Author: Dr Paulo Rocha -
The findings of the paper:
Algae are the world's most important “plants”. They play a crucial role in the air we breathe, food we eat and pharmacological drugs we take including for cancer. Yet there is only so much we know about these amazing ‘plants’. One reason is because there are no methods to actually decode algae behaviours and concomitant signaling mechanisms.
Hence, my group together with collaborators from Portugal and The Netherlands have demonstrated that contrary to what expected, Diatoms, a microalgae type, do talk among each other! And they talk a lot!
We demonstrated that a population of diatoms under darkness show quasi-periodic electrical oscillations, or intercellular waves. The origin of this behaviour is paracrine signalling between the diatoms induced by changes in their physicochemical environment.
Why this is important:
Diatoms form the basis of many marine food webs and play a key ecological role in the bio-geochemical cycling of carbon and silica. They play a crucial role in the air we breathe, food we eat and pharmacological drugs we take including for cancer. Decoding their communication is hence a step forward into understanding world challenges such as climate change and harmful algae blooms leading to per example food toxicity.
How we found this out:
A population of Pseudo-nitzschia fraudulenta under light is electrically inert. Photosynthesis is self-contained within the chloroplasts of diatoms and does not lead to changes in the extracellular field potential. However, in complete darkness, we demonstrate that diatoms become electrically active. We measured diatoms’ electrical activity using sensitive and low impedance multi electrode arrays (MEAs). In our recording system, we note that in a time span of hours their response evolves from weak, sporadic, uncorrelated events of single diatoms, to strong quasi-periodic oscillations synchronized by the whole diatom population.
The synchronized quasi-periodic signals shows a 1/f1.5 frequency dependence which is normally assigned to a diffusion process. These intercellular waves last for days and are due to paracrine cell-cell signaling. Under stress, such as light deprivation, and, probably by a temperature rise, diatoms start to communicate. The cell-cell signaling is a feedback, or survival, mechanism that counteracts changes in the physicochemical environment. The messenger is likely to be related to Ca2+ ions as spatiotemporal changes in their concentration match the characteristics of the intercellular waves. This conclusion is supported by using the inhibitor GdCl3 which specifically inhibits Ca2+ stretch-activated channels. The transport of Ca2+ ions to the extracellular medium is blocked by the inhibitor and the intercellular waves disappear.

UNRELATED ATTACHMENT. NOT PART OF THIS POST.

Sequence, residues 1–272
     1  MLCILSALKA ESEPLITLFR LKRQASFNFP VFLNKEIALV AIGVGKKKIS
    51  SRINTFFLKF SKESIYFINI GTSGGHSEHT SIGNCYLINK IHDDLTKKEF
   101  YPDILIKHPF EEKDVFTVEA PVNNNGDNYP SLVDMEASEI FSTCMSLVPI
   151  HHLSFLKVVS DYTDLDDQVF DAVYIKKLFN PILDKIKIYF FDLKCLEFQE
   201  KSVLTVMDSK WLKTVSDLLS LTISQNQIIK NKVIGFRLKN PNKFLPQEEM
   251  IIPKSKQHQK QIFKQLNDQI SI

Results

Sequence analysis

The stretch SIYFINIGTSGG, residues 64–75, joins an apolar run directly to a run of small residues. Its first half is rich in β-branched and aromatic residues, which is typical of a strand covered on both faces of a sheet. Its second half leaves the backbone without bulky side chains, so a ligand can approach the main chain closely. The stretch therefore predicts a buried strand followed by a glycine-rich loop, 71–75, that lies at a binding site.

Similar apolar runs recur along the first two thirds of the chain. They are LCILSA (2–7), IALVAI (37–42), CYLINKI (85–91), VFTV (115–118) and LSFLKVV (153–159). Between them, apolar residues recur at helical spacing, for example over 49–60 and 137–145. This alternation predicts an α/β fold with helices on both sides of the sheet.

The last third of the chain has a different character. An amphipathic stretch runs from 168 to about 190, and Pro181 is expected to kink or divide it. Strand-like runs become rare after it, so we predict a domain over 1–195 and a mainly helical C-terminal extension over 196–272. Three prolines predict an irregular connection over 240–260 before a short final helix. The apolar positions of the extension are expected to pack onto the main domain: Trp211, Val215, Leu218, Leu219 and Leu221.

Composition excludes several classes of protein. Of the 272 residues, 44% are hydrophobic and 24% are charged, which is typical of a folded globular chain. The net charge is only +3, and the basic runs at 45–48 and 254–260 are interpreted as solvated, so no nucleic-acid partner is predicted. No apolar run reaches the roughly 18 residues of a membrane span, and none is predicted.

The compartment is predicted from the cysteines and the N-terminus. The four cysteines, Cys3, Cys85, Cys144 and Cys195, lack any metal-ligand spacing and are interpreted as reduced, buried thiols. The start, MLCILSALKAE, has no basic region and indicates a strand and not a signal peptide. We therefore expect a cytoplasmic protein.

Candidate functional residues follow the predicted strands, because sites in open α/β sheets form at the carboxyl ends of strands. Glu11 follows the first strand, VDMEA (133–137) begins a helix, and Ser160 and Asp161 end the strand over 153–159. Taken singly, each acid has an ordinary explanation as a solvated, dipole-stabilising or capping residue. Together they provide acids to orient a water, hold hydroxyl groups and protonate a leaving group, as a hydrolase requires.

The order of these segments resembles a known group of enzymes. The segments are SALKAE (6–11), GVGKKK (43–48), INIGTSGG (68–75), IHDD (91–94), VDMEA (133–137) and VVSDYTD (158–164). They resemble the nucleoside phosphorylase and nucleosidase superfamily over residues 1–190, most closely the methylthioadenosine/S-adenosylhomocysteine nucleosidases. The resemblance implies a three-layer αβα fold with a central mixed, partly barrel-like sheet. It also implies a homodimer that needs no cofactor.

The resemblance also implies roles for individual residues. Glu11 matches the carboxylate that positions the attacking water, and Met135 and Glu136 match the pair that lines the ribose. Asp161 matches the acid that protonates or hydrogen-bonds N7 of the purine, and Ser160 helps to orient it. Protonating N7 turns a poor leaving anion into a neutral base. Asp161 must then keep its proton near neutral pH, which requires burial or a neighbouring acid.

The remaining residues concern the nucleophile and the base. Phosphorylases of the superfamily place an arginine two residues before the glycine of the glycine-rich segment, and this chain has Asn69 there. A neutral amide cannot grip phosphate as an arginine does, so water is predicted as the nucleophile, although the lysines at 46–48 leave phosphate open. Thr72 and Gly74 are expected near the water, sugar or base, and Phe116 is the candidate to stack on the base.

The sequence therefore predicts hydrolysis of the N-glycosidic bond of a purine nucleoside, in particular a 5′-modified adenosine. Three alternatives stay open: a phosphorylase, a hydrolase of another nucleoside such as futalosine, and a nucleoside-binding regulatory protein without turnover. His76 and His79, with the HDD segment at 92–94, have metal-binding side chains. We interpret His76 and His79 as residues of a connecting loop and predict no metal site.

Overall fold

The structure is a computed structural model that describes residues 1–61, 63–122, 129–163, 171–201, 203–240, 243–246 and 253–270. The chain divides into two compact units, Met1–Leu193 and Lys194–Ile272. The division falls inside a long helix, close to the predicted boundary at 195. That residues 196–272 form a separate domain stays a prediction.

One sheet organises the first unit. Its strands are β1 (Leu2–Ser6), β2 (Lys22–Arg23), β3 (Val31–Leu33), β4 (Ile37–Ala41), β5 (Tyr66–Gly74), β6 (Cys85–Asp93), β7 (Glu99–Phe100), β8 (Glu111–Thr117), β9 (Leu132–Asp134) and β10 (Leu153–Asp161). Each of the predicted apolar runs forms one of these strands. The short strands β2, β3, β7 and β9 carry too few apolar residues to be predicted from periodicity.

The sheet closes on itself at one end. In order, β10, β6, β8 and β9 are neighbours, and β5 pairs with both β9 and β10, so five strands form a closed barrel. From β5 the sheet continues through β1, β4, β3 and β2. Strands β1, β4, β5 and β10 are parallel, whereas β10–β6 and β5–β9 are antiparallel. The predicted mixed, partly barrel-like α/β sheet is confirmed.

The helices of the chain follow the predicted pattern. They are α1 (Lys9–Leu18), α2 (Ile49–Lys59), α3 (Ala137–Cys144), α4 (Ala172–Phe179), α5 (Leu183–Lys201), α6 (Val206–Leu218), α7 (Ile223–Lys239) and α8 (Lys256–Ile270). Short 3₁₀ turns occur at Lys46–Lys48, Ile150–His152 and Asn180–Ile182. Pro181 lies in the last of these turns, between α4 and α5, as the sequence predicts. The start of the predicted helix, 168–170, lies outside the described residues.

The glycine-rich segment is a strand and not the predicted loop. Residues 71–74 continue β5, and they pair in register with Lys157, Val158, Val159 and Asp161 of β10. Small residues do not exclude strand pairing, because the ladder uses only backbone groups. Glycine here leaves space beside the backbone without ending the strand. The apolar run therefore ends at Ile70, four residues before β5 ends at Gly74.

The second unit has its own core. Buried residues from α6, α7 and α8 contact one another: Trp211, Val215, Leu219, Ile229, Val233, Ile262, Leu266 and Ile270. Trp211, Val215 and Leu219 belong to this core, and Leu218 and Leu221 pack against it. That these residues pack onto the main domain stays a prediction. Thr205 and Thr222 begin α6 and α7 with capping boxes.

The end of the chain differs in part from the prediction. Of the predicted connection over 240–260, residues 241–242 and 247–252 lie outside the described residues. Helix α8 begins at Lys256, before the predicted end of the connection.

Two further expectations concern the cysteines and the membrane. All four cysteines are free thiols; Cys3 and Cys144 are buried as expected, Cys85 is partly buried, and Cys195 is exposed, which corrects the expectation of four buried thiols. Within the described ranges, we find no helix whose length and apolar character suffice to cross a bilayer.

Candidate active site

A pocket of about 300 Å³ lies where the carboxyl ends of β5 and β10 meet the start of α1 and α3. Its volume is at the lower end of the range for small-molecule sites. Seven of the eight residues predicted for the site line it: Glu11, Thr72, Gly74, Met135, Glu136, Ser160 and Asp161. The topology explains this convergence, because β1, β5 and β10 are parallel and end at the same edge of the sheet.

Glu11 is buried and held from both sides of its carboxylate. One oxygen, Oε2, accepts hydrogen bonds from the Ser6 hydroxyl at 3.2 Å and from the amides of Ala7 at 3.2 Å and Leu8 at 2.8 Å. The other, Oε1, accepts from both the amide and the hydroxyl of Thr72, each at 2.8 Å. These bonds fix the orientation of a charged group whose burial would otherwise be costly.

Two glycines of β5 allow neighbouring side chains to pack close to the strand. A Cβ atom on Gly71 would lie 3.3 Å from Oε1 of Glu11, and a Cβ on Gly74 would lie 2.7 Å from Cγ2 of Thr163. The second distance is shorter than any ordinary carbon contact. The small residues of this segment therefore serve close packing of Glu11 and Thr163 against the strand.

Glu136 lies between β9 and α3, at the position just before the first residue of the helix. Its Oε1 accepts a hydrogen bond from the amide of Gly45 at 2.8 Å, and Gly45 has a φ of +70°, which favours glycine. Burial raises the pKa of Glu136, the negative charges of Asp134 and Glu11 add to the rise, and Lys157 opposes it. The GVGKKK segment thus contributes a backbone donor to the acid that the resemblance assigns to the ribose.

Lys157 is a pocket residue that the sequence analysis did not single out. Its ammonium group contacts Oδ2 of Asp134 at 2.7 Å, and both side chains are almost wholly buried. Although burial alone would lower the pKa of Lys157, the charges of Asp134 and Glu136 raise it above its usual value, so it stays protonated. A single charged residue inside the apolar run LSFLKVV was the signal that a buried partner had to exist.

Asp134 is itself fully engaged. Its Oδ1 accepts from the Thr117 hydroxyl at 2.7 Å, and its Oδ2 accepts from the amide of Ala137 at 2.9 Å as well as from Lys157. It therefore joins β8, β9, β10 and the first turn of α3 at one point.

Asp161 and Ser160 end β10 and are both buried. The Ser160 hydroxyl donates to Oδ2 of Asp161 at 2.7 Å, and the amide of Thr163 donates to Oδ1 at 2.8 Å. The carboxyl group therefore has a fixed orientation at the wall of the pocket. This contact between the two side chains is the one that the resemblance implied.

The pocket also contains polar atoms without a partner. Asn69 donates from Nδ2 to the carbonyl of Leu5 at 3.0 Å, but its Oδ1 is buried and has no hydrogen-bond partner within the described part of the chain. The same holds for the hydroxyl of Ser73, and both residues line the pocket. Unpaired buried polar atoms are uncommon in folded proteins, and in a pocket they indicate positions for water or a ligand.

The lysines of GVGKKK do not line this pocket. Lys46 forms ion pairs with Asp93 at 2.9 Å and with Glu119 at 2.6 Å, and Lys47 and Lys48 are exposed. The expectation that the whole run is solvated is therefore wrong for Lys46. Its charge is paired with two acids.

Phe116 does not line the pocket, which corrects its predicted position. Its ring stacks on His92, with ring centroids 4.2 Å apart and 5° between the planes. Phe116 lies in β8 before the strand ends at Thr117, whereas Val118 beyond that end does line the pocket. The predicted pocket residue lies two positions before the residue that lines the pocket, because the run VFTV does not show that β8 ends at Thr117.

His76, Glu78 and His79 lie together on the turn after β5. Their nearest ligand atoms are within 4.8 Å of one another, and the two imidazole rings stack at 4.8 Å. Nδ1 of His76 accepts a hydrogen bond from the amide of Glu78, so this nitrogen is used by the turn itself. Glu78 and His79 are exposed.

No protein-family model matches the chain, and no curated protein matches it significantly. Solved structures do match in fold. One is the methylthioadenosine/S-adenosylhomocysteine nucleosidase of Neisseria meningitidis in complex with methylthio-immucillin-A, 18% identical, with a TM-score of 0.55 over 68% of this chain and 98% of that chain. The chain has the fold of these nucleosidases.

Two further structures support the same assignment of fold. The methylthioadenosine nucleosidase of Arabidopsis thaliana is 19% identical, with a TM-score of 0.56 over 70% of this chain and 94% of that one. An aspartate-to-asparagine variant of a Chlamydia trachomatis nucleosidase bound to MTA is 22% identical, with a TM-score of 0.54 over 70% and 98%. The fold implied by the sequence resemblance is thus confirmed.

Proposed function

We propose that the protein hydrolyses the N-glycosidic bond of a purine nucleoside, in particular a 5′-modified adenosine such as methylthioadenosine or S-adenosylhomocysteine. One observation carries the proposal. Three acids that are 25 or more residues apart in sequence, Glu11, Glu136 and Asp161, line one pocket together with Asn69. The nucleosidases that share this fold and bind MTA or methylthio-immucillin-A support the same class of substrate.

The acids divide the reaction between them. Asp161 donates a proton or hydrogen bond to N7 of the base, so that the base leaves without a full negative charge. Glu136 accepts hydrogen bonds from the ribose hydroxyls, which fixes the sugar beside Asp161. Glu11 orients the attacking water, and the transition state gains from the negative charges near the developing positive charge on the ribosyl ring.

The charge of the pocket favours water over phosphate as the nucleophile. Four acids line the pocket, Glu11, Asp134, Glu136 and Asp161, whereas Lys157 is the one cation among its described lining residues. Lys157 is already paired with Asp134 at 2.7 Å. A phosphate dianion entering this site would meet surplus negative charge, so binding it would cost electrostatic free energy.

Single cell recordings such as patch clamp and fluorescent-based techniques do not allow the observation of Ca2+ exchange with the exterior, as Ca2+ quickly dissipates into the extracellular environment. However, our work on extracellular recordings of a large diatom population permits the monitoring of ions exchange between diatoms. As such, our extracellular recording approach provides a powerful indicator for the development of algae blooms and to probe ecological and physiological stress conditions in diatom populations.
What this means for the planet:
This project will open a new page in the understanding of algae signaling and enable novel sensing technologies to predict the development of algae blooms and of an extensive range of stress-induced alterations in the aquatic ecosystem. This interdisciplinary work involving the fields of bioelectronics and biology has strong scientific and technological implications for probing ecological and physiological stress conditions in phytoplankton populations.
Water companies will in a near future benefit from a control technology able to predict and impair harmful and toxic algae blooms. General population by (1) predicting and avoiding amnesic shellfish poisoning (major consequence of algae blooms) and by enabling accurate studies on climate change.
What this means for you:
This could ultimately result in your water bills decreasing and you will drink more natural water that has been subjected to fewer chemical treatments and diminish amnesic shellfish poisoning, a rising problem in coastal countries.
My role in this research included/I worked with:
This research is a collaborative effort between the Universities of Bath, Delft University of Technology in The Netherlands, Instituto Gulbenkian de Ciência and the Centre for Marine Sciences in Portugal.
What this research could lead on to:
Now we know more about the behaviour of diatoms we can develop a technology specifically able to
- understand how these cells adapt to sudden changes in their physicochemical environment,
- sense and predict the development of algae blooms in water reservoirs
- translate an extensive range of stress-induced alterations in the aquatic ecosystem.